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  • Government delivers timely support for whānau
    Boost for Māori economic and employment initiatives. More funding for Māori health and wellbeing initiatives Further support towards growing language, culture and identity initiatives to deliver on our commitment to Te Reo Māori in Education  Funding for natural environment and climate change initiatives to help farmers, growers and whenua ...
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  • Government delivers critical infrastructure
    New hospital funding for Whangārei, Nelson and Hillmorton 280 more classrooms over 40 schools, and money for new kura $349 million for more rolling stock and rail network investment The completion of feasibility studies for a Northland dry dock and a new port in the Manukau Harbour Increased infrastructure ...
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  • A health system that takes care of Māori
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  • Investing in better health services
    Biggest-ever increase to Pharmac’s medicines budget Provision for 61 new emergency vehicles including 48 ambulances, along with 248 more paramedics and other frontline staff New emergency helicopter and crew, and replacement of some older choppers $100 million investment in specialist mental health and addiction services 195,000 primary and intermediate aged ...
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  • A Secure Future for New Zealanders’ health
    Landmark reform: new multi-year budgets for better planning and more consistent health services Record ongoing annual funding boost for Health NZ to meet cost pressures and start with a clean slate as it replaces fragmented DHB system ($1.8 billion year one, as well as additional $1.3 billion in year ...
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  • Cost of living package eases impact on households – 2.1 million Kiwis to get new targeted payment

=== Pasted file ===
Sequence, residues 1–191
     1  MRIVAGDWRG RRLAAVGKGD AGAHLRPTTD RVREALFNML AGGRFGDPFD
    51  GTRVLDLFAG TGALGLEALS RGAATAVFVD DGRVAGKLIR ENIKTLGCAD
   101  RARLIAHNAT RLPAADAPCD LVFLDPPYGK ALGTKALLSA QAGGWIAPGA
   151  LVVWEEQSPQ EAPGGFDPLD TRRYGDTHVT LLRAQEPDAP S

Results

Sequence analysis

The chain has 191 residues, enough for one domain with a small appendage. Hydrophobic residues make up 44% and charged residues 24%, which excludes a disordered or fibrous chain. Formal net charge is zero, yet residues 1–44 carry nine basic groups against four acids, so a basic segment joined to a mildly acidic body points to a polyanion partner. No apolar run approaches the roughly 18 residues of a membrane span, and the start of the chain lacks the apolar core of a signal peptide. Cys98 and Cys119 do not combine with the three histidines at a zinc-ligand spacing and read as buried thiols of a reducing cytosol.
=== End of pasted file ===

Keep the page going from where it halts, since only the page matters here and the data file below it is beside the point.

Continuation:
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  • Budget highlights underlying strength of economy in face of global headwinds
    A return to surplus in 2024/2025 Unemployment rate projected to remain at record lows Net debt forecast to peak at 19.9 percent of GDP in 2024, lower than Australia, US, UK and Canada Economic growth to hit 4.2 percent in 2023 and average 2.1 percent over the forecast period A ...
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  • Budget 2022: A secure future in difficult times
    Cost of living payment to cushion impact of inflation for 2.1 million Kiwis Record health investment including biggest ever increase to Pharmac’s medicines budget First allocations from Climate Emergency Response Fund contribute to achieving the goals in the first Emissions Reduction Plan Government actions deliver one of the strongest ...
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  • Budget 2022: A secure future
    Budget 2022 will help build a high wage, low emissions economy that provides greater economic security, while providing support to households affected by cost of living pressures. Our economy has come through the COVID-19 shock better than almost anywhere else in the world, but other challenges, both long-term and more ...
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  • Health Minister to attend World Health Assembly in Geneva
    Health Minister Andrew Little will represent New Zealand at the first in-person World Health Assembly since the start of the COVID-19 pandemic, to be held in Geneva, Switzerland, from Sunday 22 – Wednesday 25 May (New Zealand time). “COVID-19 has affected people all around the world, and health continues to ...
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  • New efforts to counter illegal timber trade
    New Zealand is committing to trade only in legally harvested timber with the Forests (Legal Harvest Assurance) Amendment Bill introduced to Parliament today. Under the Bill, timber harvested in New Zealand and overseas, and used in products made here or imported, will have to be verified as being legally harvested. ...
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  • Deaths in New Zealand lower than expected so far during the pandemic
    The Government has welcomed the release today of StatsNZ data showing the rate at which New Zealanders died from all causes during the COVID-19 pandemic has been lower than expected. The new StatsNZ figures provide a measure of the overall rate of deaths in New Zealand during the pandemic compared ...
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  • New law helps secure New Zealand’s maritime domain
    Legislation that will help prevent serious criminal offending at sea, including trafficking of humans, drugs, wildlife and arms, has passed its third reading in Parliament today, Foreign Affairs Nanaia Mahuta announced. “Today is a milestone in allowing us to respond to the increasingly dynamic and complex maritime security environment facing ...